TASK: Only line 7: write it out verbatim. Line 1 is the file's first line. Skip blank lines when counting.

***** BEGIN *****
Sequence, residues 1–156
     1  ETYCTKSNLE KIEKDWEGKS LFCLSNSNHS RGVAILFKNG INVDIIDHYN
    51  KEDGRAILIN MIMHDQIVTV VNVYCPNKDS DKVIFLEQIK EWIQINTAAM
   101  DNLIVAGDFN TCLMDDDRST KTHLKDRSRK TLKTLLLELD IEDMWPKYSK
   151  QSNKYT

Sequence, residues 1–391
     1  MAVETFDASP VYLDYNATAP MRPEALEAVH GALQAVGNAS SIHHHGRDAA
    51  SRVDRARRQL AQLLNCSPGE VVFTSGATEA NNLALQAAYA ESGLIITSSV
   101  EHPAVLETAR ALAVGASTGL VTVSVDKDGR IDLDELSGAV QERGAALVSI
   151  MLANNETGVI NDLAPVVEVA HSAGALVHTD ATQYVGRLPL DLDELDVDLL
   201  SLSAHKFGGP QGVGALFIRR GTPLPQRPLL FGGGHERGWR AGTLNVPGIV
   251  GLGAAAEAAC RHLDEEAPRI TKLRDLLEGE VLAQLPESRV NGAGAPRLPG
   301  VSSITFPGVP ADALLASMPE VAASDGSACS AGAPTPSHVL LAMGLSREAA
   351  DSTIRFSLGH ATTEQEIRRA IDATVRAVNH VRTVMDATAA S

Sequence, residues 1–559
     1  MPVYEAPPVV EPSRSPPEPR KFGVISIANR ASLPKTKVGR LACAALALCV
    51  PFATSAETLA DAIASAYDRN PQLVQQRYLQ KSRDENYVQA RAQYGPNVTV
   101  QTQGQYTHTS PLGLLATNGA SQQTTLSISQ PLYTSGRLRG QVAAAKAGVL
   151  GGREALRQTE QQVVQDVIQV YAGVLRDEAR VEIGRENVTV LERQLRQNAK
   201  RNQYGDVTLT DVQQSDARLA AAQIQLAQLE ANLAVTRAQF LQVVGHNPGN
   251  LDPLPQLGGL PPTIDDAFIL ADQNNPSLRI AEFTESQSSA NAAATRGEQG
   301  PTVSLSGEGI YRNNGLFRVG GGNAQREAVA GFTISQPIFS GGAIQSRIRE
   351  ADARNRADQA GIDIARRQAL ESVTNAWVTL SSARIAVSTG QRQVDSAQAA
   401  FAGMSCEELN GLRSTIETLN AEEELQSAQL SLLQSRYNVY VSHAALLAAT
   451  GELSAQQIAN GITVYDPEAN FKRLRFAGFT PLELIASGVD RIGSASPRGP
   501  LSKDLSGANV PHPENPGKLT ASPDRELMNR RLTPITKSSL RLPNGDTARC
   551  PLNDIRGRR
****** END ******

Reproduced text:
     1  MAVETFDASP VYLDYNATAP MRPEALEAVH GALQAVGNAS SIHHHGRDAA